Just under 2,000 cars sold on the global stage was a huge achievement for any small company, let alone a post-war ‘start-up’ brand whose competition success, and the public profile that it inspired, was mostly down to the founder himself.

Two decades ago about 700 Allards, from wrecks to restored cars, were known to survive, but recent research by ex-Allard employee David Hooper and the Allard Owners Club suggests that 507 Allards are known to remain in one piece, scattered across the globe in various states of splendour or disrepair. It is possible that the remains of another ten, twenty or perhaps fifty may exist worldwide. Two J2s, for example, were recently discovered under a bush in America as ‘yard finds’: there could be more.

The prices that some Allard models have achieved have been interesting, up to about £500,000, yet others can be had for well under £50,000. Overall many Allard prices have been rising and interest remains gratifyingly strong, at least among dedicated Allardistes. Even Wayne Carini, renowned classic car restorer and star of his own TV series Chasing Classic Cars, has purchased an Allard for his personal pleasure: Bill Bauder’s J2X. Allards still race during the Monterey car week and at other annual gatherings, proving that interest in Allards in America continues to this day.

Allard’s claim to be ‘Britain’s premier competition car’ was based on the output from a number of small works sites in south London, not the better-known locations such as Brooklands, Feltham, Malvern, Coventry or Bristol. But Allard’s reputation was significant: we should not forget that by 1948 Allard was producing between eight and ten cars a week, a significant figure for a small-scale car manufacturer, let alone one in cash-strapped, ration-book Britain. In fact the largest number of Allards produced in one month was forty-five in July 1948: two cars a day.

One of Sydney’s unseen sketches for a 1950s sports car development. He was always sketching and planning new cars, exploring new variations using existing, proven and cost-effective parts.

The impressive engine in Chris Pring’s J2.

In its heyday the Allard Motor Company was on its way to becoming a British icon with a celebrity client list that modern marketing would have loved. We can safely assume that nothing could have been further from Sydney’s intentions: customers were customers, and racing was racing! And racing was Sydney’s priority, probably at the expense of other elements in his life.

We should not forget that the likes of Carroll Shelby and Tom Cole raced Allards, and that Steve McQueen owned one. A gathering of assorted Allards at Watkins Glen became a regular event, such was the allure of Sydney Allard’s cars. A 7-litre Chrysler ‘Firepower’ engine in an Allard J2 lightweight must have been a deeply moving sight and a great experience from the driving seat.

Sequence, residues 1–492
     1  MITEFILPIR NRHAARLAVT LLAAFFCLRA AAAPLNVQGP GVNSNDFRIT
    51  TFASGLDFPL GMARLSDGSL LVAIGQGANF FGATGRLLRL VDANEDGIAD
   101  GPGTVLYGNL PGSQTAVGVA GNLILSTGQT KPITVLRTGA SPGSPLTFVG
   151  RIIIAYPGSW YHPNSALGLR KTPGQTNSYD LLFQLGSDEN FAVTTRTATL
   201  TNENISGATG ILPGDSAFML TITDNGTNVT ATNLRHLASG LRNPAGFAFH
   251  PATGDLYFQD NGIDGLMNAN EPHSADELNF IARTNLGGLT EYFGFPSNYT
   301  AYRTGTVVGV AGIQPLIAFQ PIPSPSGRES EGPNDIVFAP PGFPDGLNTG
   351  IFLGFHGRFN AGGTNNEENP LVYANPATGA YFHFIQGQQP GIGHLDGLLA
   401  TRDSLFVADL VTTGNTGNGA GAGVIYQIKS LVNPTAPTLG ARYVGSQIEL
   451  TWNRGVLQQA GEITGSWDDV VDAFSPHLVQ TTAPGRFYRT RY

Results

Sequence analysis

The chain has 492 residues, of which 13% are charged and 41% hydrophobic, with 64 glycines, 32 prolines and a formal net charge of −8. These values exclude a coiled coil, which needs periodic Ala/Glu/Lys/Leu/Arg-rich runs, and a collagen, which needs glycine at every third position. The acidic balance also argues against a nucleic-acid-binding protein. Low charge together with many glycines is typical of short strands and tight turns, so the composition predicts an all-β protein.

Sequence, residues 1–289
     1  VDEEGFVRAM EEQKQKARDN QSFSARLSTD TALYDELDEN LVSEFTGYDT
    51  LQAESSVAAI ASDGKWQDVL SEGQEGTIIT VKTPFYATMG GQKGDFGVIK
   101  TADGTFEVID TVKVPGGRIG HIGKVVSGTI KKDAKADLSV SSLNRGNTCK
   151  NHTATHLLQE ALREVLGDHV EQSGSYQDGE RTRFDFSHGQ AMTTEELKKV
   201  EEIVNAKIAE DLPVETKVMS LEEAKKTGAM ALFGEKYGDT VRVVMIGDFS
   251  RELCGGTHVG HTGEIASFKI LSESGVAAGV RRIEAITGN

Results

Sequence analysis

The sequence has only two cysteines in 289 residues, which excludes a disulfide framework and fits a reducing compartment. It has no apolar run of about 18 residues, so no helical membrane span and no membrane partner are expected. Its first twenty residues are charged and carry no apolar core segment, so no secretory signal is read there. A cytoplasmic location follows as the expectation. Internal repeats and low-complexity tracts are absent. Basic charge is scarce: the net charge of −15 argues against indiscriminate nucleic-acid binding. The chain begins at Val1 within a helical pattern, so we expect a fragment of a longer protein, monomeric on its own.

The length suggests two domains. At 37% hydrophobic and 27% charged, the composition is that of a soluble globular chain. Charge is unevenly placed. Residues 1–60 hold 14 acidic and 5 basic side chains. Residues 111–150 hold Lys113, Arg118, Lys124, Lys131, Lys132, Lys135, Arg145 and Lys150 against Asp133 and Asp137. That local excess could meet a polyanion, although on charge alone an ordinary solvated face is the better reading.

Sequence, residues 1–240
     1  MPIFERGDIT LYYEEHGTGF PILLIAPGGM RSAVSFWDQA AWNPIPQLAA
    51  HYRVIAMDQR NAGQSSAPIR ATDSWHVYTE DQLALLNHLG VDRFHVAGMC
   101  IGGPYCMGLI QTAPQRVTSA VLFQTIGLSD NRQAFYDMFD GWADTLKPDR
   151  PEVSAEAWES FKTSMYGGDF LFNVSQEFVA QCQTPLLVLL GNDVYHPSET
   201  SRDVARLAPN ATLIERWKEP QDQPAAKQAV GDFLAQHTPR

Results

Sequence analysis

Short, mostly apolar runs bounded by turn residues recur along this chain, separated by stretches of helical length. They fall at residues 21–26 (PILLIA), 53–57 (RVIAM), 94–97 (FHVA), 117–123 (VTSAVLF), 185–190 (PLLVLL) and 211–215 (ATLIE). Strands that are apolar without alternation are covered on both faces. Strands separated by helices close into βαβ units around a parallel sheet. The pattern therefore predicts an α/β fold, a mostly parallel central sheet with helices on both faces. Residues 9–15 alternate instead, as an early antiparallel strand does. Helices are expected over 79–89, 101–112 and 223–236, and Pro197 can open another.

Several major commentators and writers on motor sport and the wider motoring world have been Allard fans, including Douglas Blain, Tony Dron and Simon Taylor. Today there is a healthy and growing worldwide interest in Allard, backed by an enthusiastic owners club, which was founded in 1951 with Sydney’s personal support. The Allard Register has helped maintain Allard’s reputation in the USA as something of an icon among those in the know, with a particular emphasis on the J2, J2X, K2, K3 and JR models. The resurgence of Allard at club level proves that true, race-winning design, performance and individuality never go out of fashion.

Allard enthusiasts, sometimes known as ‘Allardistes’, have strong opinions about which model is the best, or perhaps the ‘purest’ Allard car when it comes to reflecting its progenitor’s ethos.

Chris Pring, owner of the ex-Titterington Allard J2 and current editor of the Allard Owners Club magazine, frames an essential issue:

The Allard Motor Company was a star that shone brightly for a handful of years in the late 1940s, early 1950s. It is fair to say the enthusiasts and motoring press couldn’t get enough. But, like many others before and since, that star has faded and been eclipsed by better resourced operations, some of which survive as the giants of today. There is no doubt that Sydney Allard left a fantastic legacy but each generation of the Allard community has a challenge: how do we educate them in matters Allard? Simple: race them, drive them, show them, share them, write and talk about them. Do that often and the Allard star will keep its glow.

This iconic ex-Desmond Titterington J2 spent many years in India. It has been beautifully restored with Ardun OHV heads on the Ford V8 and is owned by AOC news magazine editor Chris Pring.